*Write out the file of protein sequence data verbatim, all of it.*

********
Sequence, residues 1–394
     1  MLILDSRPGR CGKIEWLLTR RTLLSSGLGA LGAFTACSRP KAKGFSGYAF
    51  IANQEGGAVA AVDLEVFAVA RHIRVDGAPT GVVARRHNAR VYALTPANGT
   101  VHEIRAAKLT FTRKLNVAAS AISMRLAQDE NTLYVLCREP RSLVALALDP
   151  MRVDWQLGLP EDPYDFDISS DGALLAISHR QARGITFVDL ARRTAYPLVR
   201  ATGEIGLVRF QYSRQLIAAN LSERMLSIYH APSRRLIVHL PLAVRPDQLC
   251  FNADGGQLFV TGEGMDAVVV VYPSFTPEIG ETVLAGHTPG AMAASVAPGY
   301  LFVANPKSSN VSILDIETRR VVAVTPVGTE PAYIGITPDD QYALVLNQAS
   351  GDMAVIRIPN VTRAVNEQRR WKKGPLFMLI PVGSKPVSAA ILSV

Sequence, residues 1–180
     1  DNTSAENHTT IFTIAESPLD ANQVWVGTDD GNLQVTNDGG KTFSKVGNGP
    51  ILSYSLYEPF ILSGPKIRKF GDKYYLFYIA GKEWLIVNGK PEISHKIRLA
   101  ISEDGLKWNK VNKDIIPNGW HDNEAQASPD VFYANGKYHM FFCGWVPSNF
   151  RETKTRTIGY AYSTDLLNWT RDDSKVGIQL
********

Sequence, residues 1–394
     1  MLILDSRPGR CGKIEWLLTR RTLLSSGLGA LGAFTACSRP KAKGFSGYAF
    51  IANQEGGAVA AVDLEVFAVA RHIRVDGAPT GVVARRHNAR VYALTPANGT
   101  VHEIRAAKLT FTRKLNVAAS AISMRLAQDE NTLYVLCREP RSLVALALDP
   151  MRVDWQLGLP EDPYDFDISS DGALLAISHR QARGITFVDL ARRTAYPLVR
   201  ATGEIGLVRF QYSRQLIAAN LSERMLSIYH APSRRLIVHL PLAVRPDQLC
   251  FNADGGQLFV TGEGMDAVVV VYPSFTPEIG ETVLAGHTPG AMAASVAPGY
   301  LFVANPKSSN VSILDIETRR VVAVTPVGTE PAYIGITPDD QYALVLNQAS
   351  GDMAVIRIPN VTRAVNEQRR WKKGPLFMLI PVGSKPVSAA ILSV

Sequence, residues 1–180
     1  DNTSAENHTT IFTIAESPLD ANQVWVGTDD GNLQVTNDGG KTFSKVGNGP
    51  ILSYSLYEPF ILSGPKIRKF GDKYYLFYIA GKEWLIVNGK PEISHKIRLA
   101  ISEDGLKWNK VNKDIIPNGW HDNEAQASPD VFYANGKYHM FFCGWVPSNF
   151  RETKTRTIGY AYSTDLLNWT RDDSKVGIQL